Pakistani captain Shahid Afridi (left) and India's captain, Mahendra Singh Dhoni, at a news conference in Mohali, India, on Tuesday. The two men and their teams will face off Wednesday in a World Cup semifinal that is being dubbed "the mother of all matches." Kirsty Wigglesworth/AP hide caption

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Hundreds protest in Islamabad, waving the flags of the Jaamat Islami Party and Pakistan Tehreek-e-Insaf, the party of former cricket player Imran Khan, now a politician popular among young Pakistanis. Sajid Mehmood/NPR hide caption

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Members of the Pakistani religious party Jamaat-e-Islami protest the release of CIA contractor Raymond Davis in Karachi on Wednesday. Asif Hassan/AFP/Getty Images hide caption

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Pakistani police officers surround the U.S. Consulate during rallies on Feb. 18 condemning Raymond Davis, a U.S. Embassy employee who shot dead two Pakistanis in Lahore in January. K.M.Chaudary/AP hide caption

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Pakistani police escorted the man identified by local authorities as Raymond Davis on Friday into court in the city of Lahore, where a judge ordered him held another eight days. The U.S. Embassy says the detained American is a diplomat enjoying immunity from criminal prosecution and arrest. Davis is due back in court Monday. Arif Ali/AFP/Getty Images hide caption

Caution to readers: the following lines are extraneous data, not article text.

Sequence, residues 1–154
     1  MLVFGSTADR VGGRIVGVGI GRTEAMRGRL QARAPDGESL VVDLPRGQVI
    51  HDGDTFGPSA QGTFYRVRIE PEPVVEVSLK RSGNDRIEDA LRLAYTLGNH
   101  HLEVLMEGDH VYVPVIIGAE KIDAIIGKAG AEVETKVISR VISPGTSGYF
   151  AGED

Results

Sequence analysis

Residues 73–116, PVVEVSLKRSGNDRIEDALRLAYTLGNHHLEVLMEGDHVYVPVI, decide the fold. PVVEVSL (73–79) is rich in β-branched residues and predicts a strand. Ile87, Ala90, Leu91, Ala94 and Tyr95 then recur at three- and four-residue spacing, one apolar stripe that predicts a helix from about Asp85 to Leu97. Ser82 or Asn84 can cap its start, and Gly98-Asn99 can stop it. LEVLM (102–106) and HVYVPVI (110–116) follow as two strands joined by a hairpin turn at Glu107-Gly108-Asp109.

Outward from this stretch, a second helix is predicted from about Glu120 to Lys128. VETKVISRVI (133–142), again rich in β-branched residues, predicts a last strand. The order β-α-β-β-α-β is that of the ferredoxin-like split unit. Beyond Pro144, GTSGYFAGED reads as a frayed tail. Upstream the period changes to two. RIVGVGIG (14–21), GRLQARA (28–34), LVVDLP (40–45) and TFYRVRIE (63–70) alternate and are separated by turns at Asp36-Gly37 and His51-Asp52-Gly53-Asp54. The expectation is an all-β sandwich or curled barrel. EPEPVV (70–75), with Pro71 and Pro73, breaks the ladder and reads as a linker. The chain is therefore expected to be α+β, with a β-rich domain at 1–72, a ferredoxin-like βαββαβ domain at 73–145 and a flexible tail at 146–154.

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Yasim Raashid says many Pakistanis do not believe Davis is a diplomat as the Americans say, but more likely a security operative along the lines of the much-loathed Blackwater, now called Xe. Sajid Memood/ hide caption

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Ajoka Theater founder Madeeha Guahar on stage following a performance in Islamabad of a play about blasphemy. In the antisecular atmosphere following the Punjab governor's assassination, the staging of the play is a rare example of secular society standing up against the intimidation of religious extremists. Julie McCarthy/NPR hide caption

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Swati embroidery is being revived "one stitch at a time" in the vocational institution established in a wing of Ahmed Zeb's home in Saidu Sharif, the old capital of Swat. The princess has taught hundreds of women "to stand up, avoid charity, [and] earn with dignity." Julie McCarthy/NPR hide caption

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A contingent of Pakistani troops march during a parade at a military training center in Karachi in 2009. The army is a powerful force in Pakistani political life. U.S. diplomatic cables released by WikiLeaks reflect the clout wielded by the chief of the military, Gen. Ashfaq Kayani. Rizwan Tabassum/AFP/Getty Images hide caption

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Activists of the Pakistani fundamentalist party Jamiat Talaba Islam protest last month in Karachi, carrying signs decrying blasphemers and chanting slogans against Asia Bibi, a Christian mother sentenced to death for blasphemy. Politicians and conservative clerics are at odds over whether President Asif Ali Zardari should pardon Asia Bibi, sentenced to hang for defaming the Prophet Muhammad. Rizwan Tabassum/AFP/Getty Images hide caption

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